I have a haskell function that that calculates the size of the list of finite Ints. I need the output type to be an Integer because the value will actually be larger than the maximum bound of Int (the result will be -1 to be exact if the output type is an Int)

size :: a -> Integer
size a =  (maxBound::Int) - (minBound::Int)

I understand the difference between Ints (bounded) and Integers (unbounded) but I'd like to make an Integer from an Int. I was wondering if there was a function like fromInteger, that will allow me to convert an Int to an Integer type.

  • (in re. @dons last question:) By "size of the list of finite Ints" do you mean, the number elements that would be in a list containing all possible Ints? Commented Feb 20, 2010 at 16:37
  • @KennyTM, Yes I know :) The size function is a property of a Type Class Finite that is overloaded for seperate subTypes (Int, Product of Finites, etc. so 'a' is used to detirmine which overload to use
    – Fry
    Commented Feb 20, 2010 at 17:20

3 Answers 3


You'll need to convert the values to Integers, which can be done by the fromIntegral function (numeric casting for Haskell):

fromIntegral :: (Integral a, Num b) => a -> b

It converts any type in the Integral class to any type in the (larger) Num class. E.g.

fromIntegral (maxBound::Int) - fromIntegral (minBound::Int)

However, I would not really trust the approach you're taking -- it seems very fragile. The behaviour in the presence of types that admit wraparound is pretty suspect.

What do you really mean by: "the size of the list of finite Ints". What is the size in this sense, if it isn't the length of the list?

  • Yes it is in essence the length of the list, but even a finite list may be large. So to get the length of a list, I would need to first construct the list then interate over it. This way I can just produce the answer without generating the entire list :)
    – Fry
    Commented Feb 21, 2010 at 17:37

I believe you are looking for:

fromIntegral :: (Integral a, Num b) => a -> b

which will convert an Integer to an Int

  • 2
    ...and vice-versa. (i.e. convert an Int into an Integer)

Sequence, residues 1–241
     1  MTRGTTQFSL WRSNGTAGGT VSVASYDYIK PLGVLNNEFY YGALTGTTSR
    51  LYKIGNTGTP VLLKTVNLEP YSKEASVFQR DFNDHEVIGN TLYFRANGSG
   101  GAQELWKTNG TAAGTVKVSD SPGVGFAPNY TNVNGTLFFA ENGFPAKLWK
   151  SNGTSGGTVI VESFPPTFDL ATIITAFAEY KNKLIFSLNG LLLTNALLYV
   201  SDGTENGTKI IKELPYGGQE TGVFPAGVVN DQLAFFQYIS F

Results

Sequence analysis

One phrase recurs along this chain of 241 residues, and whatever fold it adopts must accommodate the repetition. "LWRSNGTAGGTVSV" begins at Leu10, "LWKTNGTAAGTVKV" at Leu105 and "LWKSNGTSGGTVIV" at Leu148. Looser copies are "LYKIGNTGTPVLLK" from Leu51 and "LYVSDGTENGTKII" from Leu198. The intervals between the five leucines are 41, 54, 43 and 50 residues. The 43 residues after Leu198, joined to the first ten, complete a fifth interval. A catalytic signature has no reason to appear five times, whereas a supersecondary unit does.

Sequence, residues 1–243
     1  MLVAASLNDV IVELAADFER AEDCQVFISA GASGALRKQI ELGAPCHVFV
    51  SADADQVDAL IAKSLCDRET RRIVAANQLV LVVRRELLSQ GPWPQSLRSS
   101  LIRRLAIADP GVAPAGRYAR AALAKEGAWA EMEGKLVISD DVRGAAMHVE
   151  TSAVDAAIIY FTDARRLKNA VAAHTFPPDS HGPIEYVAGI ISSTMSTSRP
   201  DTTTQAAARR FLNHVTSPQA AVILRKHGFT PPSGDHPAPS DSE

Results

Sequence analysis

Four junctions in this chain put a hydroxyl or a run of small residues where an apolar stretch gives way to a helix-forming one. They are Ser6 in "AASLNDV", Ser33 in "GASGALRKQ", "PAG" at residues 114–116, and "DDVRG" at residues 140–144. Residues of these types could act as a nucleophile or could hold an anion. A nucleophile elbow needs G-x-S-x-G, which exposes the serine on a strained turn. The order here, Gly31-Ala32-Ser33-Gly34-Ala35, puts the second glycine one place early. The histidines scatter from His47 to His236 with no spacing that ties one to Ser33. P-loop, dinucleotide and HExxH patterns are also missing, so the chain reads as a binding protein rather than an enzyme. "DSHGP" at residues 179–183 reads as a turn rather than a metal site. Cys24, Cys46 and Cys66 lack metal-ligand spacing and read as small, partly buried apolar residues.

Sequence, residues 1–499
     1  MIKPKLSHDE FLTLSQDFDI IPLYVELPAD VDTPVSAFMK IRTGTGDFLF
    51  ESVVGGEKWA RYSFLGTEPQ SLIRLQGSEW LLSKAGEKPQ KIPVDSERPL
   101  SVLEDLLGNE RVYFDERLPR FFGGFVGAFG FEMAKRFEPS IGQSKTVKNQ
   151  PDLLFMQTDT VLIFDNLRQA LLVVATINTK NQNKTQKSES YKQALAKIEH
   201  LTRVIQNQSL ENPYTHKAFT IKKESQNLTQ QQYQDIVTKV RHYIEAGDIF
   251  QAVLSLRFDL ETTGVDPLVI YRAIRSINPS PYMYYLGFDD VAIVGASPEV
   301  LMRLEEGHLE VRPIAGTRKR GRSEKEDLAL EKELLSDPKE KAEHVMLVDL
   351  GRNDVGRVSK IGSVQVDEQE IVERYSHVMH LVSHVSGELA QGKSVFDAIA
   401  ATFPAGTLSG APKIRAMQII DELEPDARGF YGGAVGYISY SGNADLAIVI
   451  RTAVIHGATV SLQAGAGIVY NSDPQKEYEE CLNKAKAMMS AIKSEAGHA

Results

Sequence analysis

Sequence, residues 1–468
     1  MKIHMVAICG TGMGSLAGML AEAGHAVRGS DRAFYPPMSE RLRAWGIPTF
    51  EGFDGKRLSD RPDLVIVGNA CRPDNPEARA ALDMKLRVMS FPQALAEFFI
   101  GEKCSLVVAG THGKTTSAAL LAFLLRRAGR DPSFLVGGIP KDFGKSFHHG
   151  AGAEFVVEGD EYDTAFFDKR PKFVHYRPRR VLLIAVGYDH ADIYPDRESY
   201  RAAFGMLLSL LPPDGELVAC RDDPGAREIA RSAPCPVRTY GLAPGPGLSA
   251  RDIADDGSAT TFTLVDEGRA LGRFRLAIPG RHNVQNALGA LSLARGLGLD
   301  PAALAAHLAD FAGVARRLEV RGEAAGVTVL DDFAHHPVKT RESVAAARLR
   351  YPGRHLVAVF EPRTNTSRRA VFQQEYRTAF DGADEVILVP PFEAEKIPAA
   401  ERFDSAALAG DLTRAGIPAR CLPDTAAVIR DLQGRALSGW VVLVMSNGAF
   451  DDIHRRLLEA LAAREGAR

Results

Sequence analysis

– BMeph
    Commented Jul 1, 2010 at 23:29

Perhaps you were assuming that Haskell, like many main-stream languages like C and (to a certain extent) Java, has implicit numeric coercions. It doesn't: Int and Integer are totally unrelated types and there is a special function for converting between them: fromIntegral. It belongs to the Num typeclass. Look at the documentation: essentially, fromIntegral does more than that: it is a generic "construct the representation of an arbitrary integral number", t.i. if you're implementing some kind of numbers and instantiating Num, you must provide a way to construct integral numbers of your type. For example, in the Num instance for complex numbers, fromIntegral creates a complex number with a zero imaginary part and an integral real part.

The only sense in which Haskell has implicit numeric coercions is that integer literals are overloaded, and when you write 42, the compiler implicitly interprets it as "fromIntegral (42::Integer)", so you can use integers in whatever contexts where a Num type is required.

  • Sorry to be a nitpicker (but since it touches one of my peeves about the Num class "stack", I will indulge...) but since the Complex a type (what, not a class? Is that one of those "premature optimizations?) has a RealFloat a context, your fromIntegral'd Complex number will not have an integral real part, but a "Real" one, most likely a Double. Other than that little quibble, that's a pretty good answer - carry on!
    – BMeph
    Commented Jul 1, 2010 at 23:36

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